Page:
Defendant appealed, and in an unpublished opinion we affirmed his conviction and sentence, except to remand for resentencing on counts three and five under State v. Thomas, 188 N.J. 137 (2006). State v. Foat, No. A-0679-06 (App. Div. May 23, 2008). The Supreme Court denied certification. State v. Foat, 196 N.J. 596 (2008).

On May 6, 2009, defendant filed a PCR petition by a pro se submission and counsel filed an amended PCR petition on his behalf on April 30, 2010. Defendant claimed, in pertinent part, that James Pfeffer, his Public Defender, was ineffective in his handling of the suppression motion, particularly in not calling defendant to testify. He also alleged ineffective assistance of trial counsel, Amilcar Perez, a pool attorney for the Public Defender's Office who was assigned to represent him one week prior to trial, in his general performance at trial.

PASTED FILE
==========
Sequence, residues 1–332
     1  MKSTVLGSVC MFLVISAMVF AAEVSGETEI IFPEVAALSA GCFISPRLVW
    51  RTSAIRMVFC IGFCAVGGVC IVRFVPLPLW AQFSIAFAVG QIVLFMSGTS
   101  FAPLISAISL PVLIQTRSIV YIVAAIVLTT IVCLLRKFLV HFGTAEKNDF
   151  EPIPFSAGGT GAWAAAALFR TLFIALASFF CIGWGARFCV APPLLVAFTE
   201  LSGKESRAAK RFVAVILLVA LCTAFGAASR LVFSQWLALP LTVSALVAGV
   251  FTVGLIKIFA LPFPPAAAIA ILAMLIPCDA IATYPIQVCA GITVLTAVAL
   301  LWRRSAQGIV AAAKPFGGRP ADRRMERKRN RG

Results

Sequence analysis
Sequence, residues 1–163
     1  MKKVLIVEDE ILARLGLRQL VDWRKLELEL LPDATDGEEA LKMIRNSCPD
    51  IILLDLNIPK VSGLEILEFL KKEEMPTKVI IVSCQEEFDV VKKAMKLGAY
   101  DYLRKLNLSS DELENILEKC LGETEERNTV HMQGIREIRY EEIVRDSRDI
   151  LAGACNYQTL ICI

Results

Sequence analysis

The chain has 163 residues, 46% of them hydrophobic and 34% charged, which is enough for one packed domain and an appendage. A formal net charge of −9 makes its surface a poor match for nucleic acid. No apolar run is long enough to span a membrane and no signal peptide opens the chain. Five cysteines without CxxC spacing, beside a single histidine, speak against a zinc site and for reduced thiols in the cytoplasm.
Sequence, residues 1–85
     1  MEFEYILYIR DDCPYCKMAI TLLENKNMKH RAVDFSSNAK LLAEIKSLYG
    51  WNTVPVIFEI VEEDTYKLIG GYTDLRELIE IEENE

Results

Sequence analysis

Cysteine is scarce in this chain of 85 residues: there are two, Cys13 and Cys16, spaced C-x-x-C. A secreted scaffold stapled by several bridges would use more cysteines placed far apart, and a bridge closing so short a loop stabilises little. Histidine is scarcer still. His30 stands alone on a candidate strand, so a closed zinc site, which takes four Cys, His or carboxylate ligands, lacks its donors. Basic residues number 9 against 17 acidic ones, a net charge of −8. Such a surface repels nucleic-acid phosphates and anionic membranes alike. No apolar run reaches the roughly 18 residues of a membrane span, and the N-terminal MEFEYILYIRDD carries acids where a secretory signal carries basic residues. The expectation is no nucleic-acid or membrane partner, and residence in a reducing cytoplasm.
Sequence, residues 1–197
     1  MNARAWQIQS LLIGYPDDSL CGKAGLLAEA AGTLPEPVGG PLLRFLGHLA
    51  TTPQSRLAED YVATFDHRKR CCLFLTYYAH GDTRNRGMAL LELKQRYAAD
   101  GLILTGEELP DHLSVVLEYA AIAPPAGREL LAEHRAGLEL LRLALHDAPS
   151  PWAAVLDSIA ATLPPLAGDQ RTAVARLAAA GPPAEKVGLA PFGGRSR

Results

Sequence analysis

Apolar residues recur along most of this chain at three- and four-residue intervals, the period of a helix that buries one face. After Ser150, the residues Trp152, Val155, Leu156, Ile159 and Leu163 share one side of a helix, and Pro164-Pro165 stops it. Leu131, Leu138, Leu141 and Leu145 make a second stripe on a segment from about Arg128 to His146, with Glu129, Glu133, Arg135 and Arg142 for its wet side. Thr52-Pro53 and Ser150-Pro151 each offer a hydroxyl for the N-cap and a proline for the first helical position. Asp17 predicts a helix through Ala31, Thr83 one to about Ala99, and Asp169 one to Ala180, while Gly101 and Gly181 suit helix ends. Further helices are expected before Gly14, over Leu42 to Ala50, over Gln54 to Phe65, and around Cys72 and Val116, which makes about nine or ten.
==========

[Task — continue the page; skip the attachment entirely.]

Defendant certified that Pfeffer "spent almost no time preparing [the] case" and he "seemed to know almost nothing about the facts and the necessary witnesses" at the suppression hearing. Defendant further stated that after Lt. Schuster testified at the suppression hearing, Pfeffer "basically told [him] that he did not think it was necessary for [him] to testify." He complained that Pfeffer presented no witnesses even though defendant had given him "names of people with relevant information" and defendant "did not understand how he expected to let the judge know anything else about the case without having [defendant] testify." According to defendant, he would have testified that the police, without justification, searched him and his residence. Defendant further certified that after he lost the suppression motion, without warning or his consent, a new attorney was assigned to the case. Defendant stated that he did not meet Perez until he visited him in jail a week before trial and he "spent no time with [defendant] discussing" the case. According to defendant, Perez was unable to effectively cross-examine Lt. Schuster because of his lack of preparation.